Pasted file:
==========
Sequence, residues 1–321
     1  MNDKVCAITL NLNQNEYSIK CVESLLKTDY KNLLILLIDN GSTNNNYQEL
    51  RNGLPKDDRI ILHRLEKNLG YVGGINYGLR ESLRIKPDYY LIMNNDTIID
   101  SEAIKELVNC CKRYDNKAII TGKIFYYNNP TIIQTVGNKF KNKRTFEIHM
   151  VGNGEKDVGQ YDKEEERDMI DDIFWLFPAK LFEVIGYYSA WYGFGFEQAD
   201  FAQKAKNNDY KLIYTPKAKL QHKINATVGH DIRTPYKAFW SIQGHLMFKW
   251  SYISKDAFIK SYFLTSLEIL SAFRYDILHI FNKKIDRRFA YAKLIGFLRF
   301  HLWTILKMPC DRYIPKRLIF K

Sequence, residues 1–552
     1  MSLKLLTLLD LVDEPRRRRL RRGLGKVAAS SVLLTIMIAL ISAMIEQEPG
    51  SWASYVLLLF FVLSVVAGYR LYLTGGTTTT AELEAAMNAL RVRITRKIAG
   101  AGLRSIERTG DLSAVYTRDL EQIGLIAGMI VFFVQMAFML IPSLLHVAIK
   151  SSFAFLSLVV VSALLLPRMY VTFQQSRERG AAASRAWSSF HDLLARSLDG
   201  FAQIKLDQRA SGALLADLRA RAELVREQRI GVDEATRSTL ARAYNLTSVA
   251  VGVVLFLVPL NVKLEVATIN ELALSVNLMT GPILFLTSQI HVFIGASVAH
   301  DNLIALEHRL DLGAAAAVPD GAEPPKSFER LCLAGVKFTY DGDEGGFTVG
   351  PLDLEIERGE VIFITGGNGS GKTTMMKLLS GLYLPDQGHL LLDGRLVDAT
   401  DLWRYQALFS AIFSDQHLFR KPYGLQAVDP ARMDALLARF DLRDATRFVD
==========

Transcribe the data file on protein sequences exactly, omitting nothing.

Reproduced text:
Sequence, residues 1–321
     1  MNDKVCAITL NLNQNEYSIK CVESLLKTDY KNLLILLIDN GSTNNNYQEL
    51  RNGLPKDDRI ILHRLEKNLG YVGGINYGLR ESLRIKPDYY LIMNNDTIID
   101  SEAIKELVNC CKRYDNKAII TGKIFYYNNP TIIQTVGNKF KNKRTFEIHM
   151  VGNGEKDVGQ YDKEEERDMI DDIFWLFPAK LFEVIGYYSA WYGFGFEQAD
   201  FAQKAKNNDY KLIYTPKAKL QHKINATVGH DIRTPYKAFW SIQGHLMFKW
   251  SYISKDAFIK SYFLTSLEIL SAFRYDILHI FNKKIDRRFA YAKLIGFLRF
   301  HLWTILKMPC DRYIPKRLIF K

Sequence, residues 1–552
     1  MSLKLLTLLD LVDEPRRRRL RRGLGKVAAS SVLLTIMIAL ISAMIEQEPG
    51  SWASYVLLLF FVLSVVAGYR LYLTGGTTTT AELEAAMNAL RVRITRKIAG
   101  AGLRSIERTG DLSAVYTRDL EQIGLIAGMI VFFVQMAFML IPSLLHVAIK
   151  SSFAFLSLVV VSALLLPRMY VTFQQSRERG AAASRAWSSF HDLLARSLDG
   201  FAQIKLDQRA SGALLADLRA RAELVREQRI GVDEATRSTL ARAYNLTSVA
   251  VGVVLFLVPL NVKLEVATIN ELALSVNLMT GPILFLTSQI HVFIGASVAH
   301  DNLIALEHRL DLGAAAAVPD GAEPPKSFER LCLAGVKFTY DGDEGGFTVG
   351  PLDLEIERGE VIFITGGNGS GKTTMMKLLS GLYLPDQGHL LLDGRLVDAT
   401  DLWRYQALFS AIFSDQHLFR KPYGLQAVDP ARMDALLARF DLRDATRFVD